Rebounding economic activity and natural gas shortages recently pushed the developed world’s oil reserves to their lowest since early 2015, but growing crude supply could soon ease that pressure, the International Energy Agency said Tuesday.

In its closely watched monthly market report, the IEA said that the tight supply and demand balance in the global oil market could be about to ease. It expects output to rise by 1.5 million barrels a day in the remainder of 2021, with the U.S., Saudi Arabia and Russia accounting for around half of that amount.

At the same time, while demand for transportation fuels continue to recover and a supply shortage in the natural gas market has forced some power plants to switch to using oil and refined products, “new Covid waves in Europe, weaker industrial activity and higher oil prices will temper gains,” the Paris-based energy watchdog said.

Oil prices were little changed Tuesday after the IEA became the second forecasting body—following the Energy Information Administration—to predict a looser market in the months to come. Brent crude, the global benchmark, ended the day up 0.5% at $82.43 a barrel and U.S. crude futures ticked down 0.1% to $80.76 a barrel.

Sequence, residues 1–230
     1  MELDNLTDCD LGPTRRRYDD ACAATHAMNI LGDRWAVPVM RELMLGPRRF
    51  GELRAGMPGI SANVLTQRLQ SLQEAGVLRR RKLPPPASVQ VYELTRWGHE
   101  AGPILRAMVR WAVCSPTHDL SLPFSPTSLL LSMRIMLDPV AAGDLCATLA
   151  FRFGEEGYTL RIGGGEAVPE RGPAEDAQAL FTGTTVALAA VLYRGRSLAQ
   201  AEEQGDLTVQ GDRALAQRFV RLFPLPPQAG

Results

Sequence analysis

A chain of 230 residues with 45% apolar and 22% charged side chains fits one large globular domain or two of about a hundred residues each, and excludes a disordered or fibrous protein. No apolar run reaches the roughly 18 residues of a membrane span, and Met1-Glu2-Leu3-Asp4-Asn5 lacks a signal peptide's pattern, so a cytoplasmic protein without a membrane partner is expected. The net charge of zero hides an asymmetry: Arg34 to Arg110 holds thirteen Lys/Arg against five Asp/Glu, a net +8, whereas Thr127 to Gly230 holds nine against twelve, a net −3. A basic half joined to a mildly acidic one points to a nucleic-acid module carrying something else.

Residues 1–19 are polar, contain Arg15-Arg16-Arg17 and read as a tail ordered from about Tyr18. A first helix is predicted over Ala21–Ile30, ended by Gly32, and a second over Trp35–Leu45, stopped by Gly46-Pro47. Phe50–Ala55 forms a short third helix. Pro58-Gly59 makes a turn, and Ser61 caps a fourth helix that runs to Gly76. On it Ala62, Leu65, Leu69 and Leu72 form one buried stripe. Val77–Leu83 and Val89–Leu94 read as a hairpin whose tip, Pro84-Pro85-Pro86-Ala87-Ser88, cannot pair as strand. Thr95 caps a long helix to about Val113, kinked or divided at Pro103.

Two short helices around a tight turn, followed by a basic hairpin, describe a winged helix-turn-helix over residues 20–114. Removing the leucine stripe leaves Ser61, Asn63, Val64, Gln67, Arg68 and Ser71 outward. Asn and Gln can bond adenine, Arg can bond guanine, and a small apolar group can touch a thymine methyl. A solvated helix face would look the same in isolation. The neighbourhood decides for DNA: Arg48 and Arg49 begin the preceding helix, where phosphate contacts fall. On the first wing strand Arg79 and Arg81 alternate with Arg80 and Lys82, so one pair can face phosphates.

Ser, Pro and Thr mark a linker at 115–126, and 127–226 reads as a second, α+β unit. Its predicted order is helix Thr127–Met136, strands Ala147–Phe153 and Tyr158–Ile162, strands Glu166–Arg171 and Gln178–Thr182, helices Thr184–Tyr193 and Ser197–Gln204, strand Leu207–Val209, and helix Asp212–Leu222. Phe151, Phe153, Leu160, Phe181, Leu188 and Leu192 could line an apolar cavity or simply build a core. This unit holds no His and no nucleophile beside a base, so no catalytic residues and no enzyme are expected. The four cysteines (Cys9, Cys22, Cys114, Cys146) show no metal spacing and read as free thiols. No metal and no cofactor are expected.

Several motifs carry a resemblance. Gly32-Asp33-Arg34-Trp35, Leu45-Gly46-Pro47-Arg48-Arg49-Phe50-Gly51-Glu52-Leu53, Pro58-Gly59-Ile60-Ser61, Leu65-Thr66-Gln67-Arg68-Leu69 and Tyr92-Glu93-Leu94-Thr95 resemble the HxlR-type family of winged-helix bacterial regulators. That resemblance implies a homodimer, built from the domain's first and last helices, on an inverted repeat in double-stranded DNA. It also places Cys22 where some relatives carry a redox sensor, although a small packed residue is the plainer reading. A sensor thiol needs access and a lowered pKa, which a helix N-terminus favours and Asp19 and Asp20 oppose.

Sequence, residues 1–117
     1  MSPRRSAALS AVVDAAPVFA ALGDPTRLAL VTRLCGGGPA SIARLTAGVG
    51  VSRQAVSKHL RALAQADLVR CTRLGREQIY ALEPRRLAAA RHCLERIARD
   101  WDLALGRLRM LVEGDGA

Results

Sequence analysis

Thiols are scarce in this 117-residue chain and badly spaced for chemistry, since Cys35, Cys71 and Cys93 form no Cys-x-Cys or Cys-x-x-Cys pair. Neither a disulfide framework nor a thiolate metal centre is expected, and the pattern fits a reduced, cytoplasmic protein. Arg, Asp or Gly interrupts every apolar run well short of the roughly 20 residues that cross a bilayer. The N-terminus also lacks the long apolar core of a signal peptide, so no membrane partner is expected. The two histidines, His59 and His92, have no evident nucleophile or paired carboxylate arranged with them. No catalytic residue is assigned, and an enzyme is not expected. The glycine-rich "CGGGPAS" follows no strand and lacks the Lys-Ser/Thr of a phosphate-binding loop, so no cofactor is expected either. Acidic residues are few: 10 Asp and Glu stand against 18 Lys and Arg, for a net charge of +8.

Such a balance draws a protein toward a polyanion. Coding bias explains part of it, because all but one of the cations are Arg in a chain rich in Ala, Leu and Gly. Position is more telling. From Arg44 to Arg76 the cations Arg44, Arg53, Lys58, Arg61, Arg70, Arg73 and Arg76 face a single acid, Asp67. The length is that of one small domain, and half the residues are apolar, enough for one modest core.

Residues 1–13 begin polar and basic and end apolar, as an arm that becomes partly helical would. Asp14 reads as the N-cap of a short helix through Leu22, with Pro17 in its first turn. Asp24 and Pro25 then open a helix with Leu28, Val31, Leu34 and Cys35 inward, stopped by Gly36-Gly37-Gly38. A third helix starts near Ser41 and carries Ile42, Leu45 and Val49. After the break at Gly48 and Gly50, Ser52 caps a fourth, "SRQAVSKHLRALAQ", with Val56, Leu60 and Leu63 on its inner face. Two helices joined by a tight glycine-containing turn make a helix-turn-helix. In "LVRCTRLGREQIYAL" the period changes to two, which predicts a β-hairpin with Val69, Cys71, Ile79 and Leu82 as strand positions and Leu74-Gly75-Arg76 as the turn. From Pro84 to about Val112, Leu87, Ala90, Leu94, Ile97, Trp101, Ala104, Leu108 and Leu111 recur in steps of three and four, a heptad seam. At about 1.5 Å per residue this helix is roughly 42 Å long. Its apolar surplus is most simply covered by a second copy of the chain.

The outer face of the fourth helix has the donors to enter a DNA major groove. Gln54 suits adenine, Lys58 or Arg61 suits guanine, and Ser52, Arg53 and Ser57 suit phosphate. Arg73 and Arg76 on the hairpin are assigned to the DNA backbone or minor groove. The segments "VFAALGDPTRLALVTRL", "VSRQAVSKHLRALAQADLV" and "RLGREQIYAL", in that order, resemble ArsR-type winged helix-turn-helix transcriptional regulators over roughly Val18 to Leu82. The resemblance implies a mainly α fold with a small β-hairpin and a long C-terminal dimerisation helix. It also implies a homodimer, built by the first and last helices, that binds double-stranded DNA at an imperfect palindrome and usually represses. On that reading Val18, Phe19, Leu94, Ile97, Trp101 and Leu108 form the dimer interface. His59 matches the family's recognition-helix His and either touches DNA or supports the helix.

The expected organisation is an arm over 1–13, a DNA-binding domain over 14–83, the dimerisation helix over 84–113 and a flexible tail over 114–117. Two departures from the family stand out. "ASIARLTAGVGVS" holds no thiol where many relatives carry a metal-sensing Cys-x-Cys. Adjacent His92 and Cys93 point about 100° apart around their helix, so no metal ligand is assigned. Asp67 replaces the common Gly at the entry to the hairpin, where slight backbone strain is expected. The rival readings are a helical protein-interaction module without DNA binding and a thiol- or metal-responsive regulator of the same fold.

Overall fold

Those dynamics have seen wealthy countries in the Organization for Economic Cooperation and Development use the supply gluts they built up during lockdowns and then some—their stocks haven’t been this low in almost seven years. Now, though, “preliminary data and satellite observations of stock changes in October suggest the tide might be turning,” the IEA said.

The watchdog expects oil production to continue increasing after the end of 2021 as well, raising its 2022 forecast by 100,000 barrels a day to 1.9 million barrels a day. A combination of rising output from the Gulf of Mexico, where supply was severely affected by Hurricane Ida earlier in 2021, and fewer overall outages—the pandemic has meant more downtime and affected maintenance schedules—will drive that increase, the IEA’s report said.

The report said rising output, particularly from the U.S.—which the IEA expects to account for 60% of the non-OPEC+ supply increase—will go some way to meet rising demand, with vaccination campaigns allowing travel to continue to rebound, driving exceptional strength in gasoline demand and setting jet-fuel demand on a course to reach around 80% of 2019 levels by the end of next year.